As for challenges considered unique to his market, Meyer said it has to be taxes. “I don’t think it is any mystery that New York has some of the highest taxes in the U.S.,” he said. “Taxes translate to higher prices for everything — fuels, insurances, utilities and on and on. Our high input costs make for a finer line between profit and loss,” Meyer said.

For marketing opportunities, Meyer said that fresh potatoes resonate best with older consumers while potato chips do well with younger people.

“For the guys growing fresh, the older folks, I think, are our number one fans with their traditional meals featuring potatoes in most dishes,” he said. “For the guys growing for chips, I think the younger generation eats more chips per person, and we grow our spuds for chips.

“We, as an industry need to spruce up the image of potatoes for all demographics. All our farm can do is try to keep producing high-quality spuds and trying new varieties that are pleasing to both our customers and the public as a whole.”

Serving the industry

Meyer is serving his first year as a co-chairman of the USPB Industry Communications and Policy Committee. He served as chairman of the USPB Finance Committee in 2012-2013. From 2010 to 2012, he served on the USPB Administrative Committee as a member of its Domestic Marketing Committee.

Meyer believes that the role the USPB plays in promoting potatoes is not well understood by many growers.

“First of all, at least in my area, I don’t think most people realize how much effort the USPB puts into international program work,” Meyer said. “They are constantly trying to open new markets globally. Countries like Thailand, Korea, China, Japan, Mexico and the Philippines — all of these markets are either being worked on or have been opened up for trade to the U.S., in large part thanks to the USPB.”

Meyer said that the USPB’s efforts in international markets move a significant market share out of the U.S.

“Almost 17 percent of the potato crop grown in the west is exported,” Meyer said. “That means approximately one out of every six rows planted goes outside U.S. borders, which means those potatoes are not showing up in stores in your backyard and competing with other U.S. growers in our marketplaces.”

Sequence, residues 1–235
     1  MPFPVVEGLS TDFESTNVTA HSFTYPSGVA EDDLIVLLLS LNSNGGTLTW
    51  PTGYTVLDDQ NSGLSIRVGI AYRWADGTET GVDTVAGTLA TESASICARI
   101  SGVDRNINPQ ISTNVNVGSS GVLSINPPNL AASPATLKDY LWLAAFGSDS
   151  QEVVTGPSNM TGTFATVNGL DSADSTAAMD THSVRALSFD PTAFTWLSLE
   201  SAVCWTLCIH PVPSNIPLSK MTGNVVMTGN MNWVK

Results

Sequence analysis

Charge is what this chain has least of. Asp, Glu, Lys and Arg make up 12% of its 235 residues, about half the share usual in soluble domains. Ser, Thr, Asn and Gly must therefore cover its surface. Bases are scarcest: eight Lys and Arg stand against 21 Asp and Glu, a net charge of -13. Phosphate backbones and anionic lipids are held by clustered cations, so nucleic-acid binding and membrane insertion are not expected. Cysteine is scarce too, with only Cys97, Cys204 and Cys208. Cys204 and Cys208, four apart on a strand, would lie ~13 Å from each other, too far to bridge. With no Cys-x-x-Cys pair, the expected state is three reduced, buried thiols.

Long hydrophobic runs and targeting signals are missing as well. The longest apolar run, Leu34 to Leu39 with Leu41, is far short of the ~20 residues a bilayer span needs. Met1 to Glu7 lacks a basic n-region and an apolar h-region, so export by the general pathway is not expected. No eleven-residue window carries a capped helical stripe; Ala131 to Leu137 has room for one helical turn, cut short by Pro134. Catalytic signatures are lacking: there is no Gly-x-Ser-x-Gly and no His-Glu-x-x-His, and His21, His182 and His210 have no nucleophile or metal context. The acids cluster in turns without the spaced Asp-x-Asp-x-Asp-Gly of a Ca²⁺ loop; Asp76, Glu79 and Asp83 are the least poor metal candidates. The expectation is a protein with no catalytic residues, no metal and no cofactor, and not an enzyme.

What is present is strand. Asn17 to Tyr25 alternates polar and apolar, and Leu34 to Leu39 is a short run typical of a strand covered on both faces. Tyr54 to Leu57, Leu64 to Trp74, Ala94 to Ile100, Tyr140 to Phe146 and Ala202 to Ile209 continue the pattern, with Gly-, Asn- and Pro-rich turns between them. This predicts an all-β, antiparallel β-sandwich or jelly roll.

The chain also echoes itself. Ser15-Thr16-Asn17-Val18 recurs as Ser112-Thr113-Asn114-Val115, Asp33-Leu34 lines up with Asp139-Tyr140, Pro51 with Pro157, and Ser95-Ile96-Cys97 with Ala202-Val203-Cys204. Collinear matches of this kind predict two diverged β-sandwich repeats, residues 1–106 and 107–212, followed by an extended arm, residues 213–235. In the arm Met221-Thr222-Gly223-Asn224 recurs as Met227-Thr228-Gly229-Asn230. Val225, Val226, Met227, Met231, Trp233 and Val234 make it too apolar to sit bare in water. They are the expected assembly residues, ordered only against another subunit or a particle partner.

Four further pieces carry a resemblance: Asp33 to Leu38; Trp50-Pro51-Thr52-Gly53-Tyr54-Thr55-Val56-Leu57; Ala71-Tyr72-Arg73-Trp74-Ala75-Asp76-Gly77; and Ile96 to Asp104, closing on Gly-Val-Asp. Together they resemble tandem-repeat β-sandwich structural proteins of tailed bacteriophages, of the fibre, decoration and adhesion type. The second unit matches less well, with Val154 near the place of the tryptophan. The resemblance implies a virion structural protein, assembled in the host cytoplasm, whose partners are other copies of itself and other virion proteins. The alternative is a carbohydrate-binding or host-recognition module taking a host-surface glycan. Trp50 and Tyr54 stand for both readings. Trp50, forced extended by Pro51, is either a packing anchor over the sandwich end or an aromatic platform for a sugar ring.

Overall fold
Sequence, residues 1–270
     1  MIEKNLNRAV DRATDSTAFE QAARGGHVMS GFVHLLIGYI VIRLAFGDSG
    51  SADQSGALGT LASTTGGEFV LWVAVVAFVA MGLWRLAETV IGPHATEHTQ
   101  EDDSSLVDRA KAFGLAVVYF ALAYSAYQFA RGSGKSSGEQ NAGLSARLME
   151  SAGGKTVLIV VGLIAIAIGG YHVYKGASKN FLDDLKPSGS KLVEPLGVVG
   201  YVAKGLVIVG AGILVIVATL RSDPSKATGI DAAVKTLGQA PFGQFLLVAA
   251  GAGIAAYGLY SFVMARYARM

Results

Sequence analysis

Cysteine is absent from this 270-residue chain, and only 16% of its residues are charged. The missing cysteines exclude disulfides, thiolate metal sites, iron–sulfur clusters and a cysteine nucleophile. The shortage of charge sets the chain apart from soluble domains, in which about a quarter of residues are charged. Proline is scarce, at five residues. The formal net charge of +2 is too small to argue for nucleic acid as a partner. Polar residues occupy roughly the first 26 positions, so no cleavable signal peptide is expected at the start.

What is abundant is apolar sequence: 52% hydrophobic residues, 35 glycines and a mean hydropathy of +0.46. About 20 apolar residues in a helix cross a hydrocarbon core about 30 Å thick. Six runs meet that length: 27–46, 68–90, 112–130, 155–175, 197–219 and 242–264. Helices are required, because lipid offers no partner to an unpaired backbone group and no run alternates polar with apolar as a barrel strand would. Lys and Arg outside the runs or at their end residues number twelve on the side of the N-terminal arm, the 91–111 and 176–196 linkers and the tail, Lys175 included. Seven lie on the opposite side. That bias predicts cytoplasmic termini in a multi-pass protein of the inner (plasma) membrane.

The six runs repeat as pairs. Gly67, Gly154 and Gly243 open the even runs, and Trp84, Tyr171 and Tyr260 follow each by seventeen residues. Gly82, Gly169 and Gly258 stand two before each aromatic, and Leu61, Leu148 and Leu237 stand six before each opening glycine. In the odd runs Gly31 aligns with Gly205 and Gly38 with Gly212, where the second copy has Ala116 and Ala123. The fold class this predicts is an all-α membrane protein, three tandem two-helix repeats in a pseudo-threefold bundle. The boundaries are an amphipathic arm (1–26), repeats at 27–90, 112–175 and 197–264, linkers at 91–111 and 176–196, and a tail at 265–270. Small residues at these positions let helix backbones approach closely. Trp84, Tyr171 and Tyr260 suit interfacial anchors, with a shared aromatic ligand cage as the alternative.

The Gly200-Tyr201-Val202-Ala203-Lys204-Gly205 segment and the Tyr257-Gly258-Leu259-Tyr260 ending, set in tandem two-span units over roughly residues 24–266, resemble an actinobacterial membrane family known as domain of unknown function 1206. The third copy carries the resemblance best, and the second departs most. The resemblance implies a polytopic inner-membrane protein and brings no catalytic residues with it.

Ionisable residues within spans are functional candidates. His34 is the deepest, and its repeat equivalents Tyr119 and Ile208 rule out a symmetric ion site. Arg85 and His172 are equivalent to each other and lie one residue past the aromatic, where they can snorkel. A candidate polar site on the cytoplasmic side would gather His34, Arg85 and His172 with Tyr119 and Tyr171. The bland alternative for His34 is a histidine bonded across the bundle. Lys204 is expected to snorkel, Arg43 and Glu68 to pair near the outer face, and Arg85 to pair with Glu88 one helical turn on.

At the same time the USPB is working to increase the demand for potatoes and potato products here in the U.S.

“The Domestic Marketing Committee is constantly fine tuning its messages to the average household to attempt to boost sales within the U.S.,” Meyer said. “The Industry Communications and Policy Committee tries every day to keep all the members of the USPB current on relevant issues. And let me tell you, by experience, the Finance Department is stretching every penny to give its members the best return on investment possible.”

Meyer has been involved with the Empire State Potato Growers for more than 12 years. For five years, he served as its president and treasurer. He commends this New York non-profit grower association, which represents approximately 150 commercial potato growers, and the efforts of executive secretary Melanie Wickham.

“Like Bill Schumacher is to our farm, Wickham is also a rare find and extremely valuable to our state,” Meyer said. “She is a great representative of New York farming and agriculture, and puts in long hours each year at the Empire Farm Days in Seneca Falls, N.Y., making sure potatoes are recognized for their part in New York’s diverse agriculture industry.”

For a man who describes his own role in the potato industry as a cog in the wheel, Meyer recognizes and appreciates all the components that work together promoting the U.S. potato industry.

“In the USPB, the best tools and resources come from the entire package,” Meyer said. “If one or two of the departments were not in the mix, we would have a clunker, but right now it’s running like a well-oiled machine.”

75 Applewood Dr. Ste. A
P.O. Box 128
Sparta, MI 49345